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Singapore Art Museum
71 Bras Basah Road
Singapore 189555
tel: +65 6332 3222     
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Opened in January 1996, the mission of the Singapore Art Museum (SAM) is to preserve and present the art histories and contemporary art practices of Singapore and the Southeast Asian region.

To date, SAM has amassed the world’s largest public collection of modern and contemporary Southeast Asian artworks with a growing component in international contemporary art. The Museum’s collection comprise over 7,000 Singapore and Southeast Asian modern and contemporary artworks and over 1000 works from its Tyler Print Collection, that include some of the most prominent names in the 20th century international art scene such as Frank Stella and Roy Lichtenstein. The collection includes paintings, sculptures, multimedia installations, drawings, prints, and photographs, among others.

Housed in a restored 19th century mission school, its permanent collection is displayed on a rotational basis. Along with Imaging Selves, Landscape In Southeast Asian Art, and Art of Our Time, all three exhibitions featuring its permanent collection, the Museum also curated country focus exhibitions, From There to Now, Soul Ties: The Land & Her People, Crossings, and Faith and Being, on Malaysia, Indonesia, Philippines and Thailand respectively. The art of the region is given international exposure through the Museum's travelling exhibition programme. SAM also loaned its collection and co-curated shows with regional museums including National Art Museum of China (Encounters Exhibition) and Ayala Museum in The Philippines (SAM’s Philippines Collection), National Museum of Modern Art, Tokyo (Cubism in Asia Exhibition) and National Museum of Contemporary Art, Korea (Cubism in Asia Exhibition), and The Japan Foundation, Paris (Cubism in Asia Exhibition).

In addition to its expertise in Southeast Asian art, SAM has presented numerous international shows including Leonardo da Vinci :Scientist-Inventor-Artist, German Art:1960s to 1970s, The Origins of Modern Art in France (which involved collaboration with over 90 museums in France including Centre Pompidou & Musée d’Orsay), Monet to Moore: Millennium Gift of The Sara Lee Corporation, Rodin: A Magnificent Obsession, Ju Ming, Encounters with Modernism, Botero in Singapore, and more recently, All The Best – Works from Deutsche Bank Collection and Engraving The World – Works from the Louvre’s Chalcography Collection. These provide a context and forum for art development and practices of Southeast Asia.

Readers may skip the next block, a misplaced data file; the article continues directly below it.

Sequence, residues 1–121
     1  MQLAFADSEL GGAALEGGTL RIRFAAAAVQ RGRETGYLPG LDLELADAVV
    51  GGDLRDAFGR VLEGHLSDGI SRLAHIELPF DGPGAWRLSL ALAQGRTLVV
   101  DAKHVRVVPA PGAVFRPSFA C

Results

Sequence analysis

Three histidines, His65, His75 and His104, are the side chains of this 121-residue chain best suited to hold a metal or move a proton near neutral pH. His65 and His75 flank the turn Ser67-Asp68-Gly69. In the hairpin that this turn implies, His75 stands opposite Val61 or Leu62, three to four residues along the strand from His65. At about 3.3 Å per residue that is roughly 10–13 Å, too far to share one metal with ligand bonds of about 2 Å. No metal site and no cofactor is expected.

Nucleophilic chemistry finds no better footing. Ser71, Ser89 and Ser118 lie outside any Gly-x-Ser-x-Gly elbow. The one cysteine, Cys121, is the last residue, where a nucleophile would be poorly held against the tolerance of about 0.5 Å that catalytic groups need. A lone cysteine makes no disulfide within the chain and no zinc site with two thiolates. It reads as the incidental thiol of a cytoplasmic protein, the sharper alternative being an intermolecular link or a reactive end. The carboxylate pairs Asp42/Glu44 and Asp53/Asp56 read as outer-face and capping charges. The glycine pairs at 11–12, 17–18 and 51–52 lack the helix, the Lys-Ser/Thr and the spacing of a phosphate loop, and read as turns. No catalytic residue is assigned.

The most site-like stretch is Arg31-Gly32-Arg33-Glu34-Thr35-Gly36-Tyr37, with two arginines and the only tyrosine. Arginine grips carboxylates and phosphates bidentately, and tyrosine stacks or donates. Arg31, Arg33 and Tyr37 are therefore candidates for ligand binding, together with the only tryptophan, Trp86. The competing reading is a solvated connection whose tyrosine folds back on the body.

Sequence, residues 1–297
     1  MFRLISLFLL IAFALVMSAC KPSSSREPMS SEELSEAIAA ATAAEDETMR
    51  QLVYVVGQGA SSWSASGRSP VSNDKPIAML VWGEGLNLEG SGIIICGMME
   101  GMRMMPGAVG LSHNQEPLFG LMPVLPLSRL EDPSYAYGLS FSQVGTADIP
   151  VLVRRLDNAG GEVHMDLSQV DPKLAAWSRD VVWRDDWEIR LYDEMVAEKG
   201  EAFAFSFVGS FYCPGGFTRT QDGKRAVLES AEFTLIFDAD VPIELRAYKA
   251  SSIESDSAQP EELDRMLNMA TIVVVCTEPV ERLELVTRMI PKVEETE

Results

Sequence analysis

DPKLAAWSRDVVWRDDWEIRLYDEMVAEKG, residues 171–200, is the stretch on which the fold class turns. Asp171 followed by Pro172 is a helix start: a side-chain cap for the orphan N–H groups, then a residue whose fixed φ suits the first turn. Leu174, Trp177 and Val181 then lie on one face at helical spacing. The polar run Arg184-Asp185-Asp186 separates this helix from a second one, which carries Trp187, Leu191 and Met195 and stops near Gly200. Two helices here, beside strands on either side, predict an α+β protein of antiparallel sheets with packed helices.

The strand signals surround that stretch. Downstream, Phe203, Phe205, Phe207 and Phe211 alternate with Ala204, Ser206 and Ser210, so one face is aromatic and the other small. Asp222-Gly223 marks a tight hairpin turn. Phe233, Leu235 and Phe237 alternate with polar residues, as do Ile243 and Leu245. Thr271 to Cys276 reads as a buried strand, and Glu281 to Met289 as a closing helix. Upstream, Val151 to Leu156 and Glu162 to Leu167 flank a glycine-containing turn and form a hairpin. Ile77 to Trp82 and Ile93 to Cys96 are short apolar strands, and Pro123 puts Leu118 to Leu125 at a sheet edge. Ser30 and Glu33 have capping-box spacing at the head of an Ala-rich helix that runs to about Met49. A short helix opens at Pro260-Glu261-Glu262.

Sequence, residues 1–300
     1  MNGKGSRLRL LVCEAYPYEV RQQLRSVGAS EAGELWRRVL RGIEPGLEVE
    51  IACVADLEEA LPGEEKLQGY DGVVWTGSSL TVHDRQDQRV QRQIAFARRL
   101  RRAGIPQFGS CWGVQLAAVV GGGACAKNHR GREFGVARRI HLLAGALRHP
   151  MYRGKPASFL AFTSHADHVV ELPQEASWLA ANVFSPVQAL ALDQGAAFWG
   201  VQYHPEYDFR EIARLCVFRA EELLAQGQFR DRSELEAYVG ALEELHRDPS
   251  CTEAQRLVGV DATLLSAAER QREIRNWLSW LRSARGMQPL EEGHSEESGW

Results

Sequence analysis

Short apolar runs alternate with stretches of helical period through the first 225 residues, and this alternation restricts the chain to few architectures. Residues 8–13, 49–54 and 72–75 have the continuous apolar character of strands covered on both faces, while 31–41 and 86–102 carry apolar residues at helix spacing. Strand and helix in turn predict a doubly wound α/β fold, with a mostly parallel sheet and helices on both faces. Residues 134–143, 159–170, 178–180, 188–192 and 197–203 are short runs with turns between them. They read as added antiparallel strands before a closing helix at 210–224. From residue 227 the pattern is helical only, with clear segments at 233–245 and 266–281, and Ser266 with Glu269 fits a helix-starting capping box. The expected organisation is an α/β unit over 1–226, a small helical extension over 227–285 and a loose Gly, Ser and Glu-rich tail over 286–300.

Opened in August 2008, 8Q sam is a contemporary art space with fresh, multi-disciplinary, interactive and community oriented programming; a place where the public can directly experience the work and ideas of living artists, and in relation to its aesthetic and social context. 8Q sam will support experimental art forms and is envisioned to become a crossroad of new ideas and expressions. 8Q sam aspires to engage a broad and diverse audience, create a sense of community and be a place for contemplation, stimulation, and discussion about contemporary art and culture, and serves as a forum especially for the students. Visitors will have the opportunity to experience the diversity of contemporary art practices ranging from painting and sculpture, to installation, film & video, photography, new media, performance art and sound art.

SAM has worldwide links with international museums. Its programme partners include Louvre Museum, Guggenheim Museum, Shanghai Art Museum, Seoul National University Museum of Art, Stedelijk Museum, Bonn Art Museum, Centre of International Modern Art, National Museum of India, Hong Kong Museum of Art, Asia Society in New York, Fukuoka Art Museum and Queensland Art Gallery. SAM also worked with major art institutions in Southeast Asia and China. With Singapore becoming a global city for the arts, SAM’s international networks bring about a confluence of ideas, and create a dynamic arts scene invigorated by international flows of ideas, talents, knowledge and resources.

Community outreach continues to be an important area of the Museum's function. The Museum aims to promote awareness and appreciation of art within the local and regional context and in so doing, it hopes to encourage the growth of an active and stimulating cultural environment in Singapore. This is done not only through the Museum's exhibition programmes as well as its education and public programmes which cover a diversity of art trends and practices, fringe activities and public lectures, aimed at reaching the local community at large as well as regional and international visitors to Singapore. Since its opening, the Museum has been stimulating the cultural environment of Singapore and continues to do so with breathtaking shows and exciting programmes.


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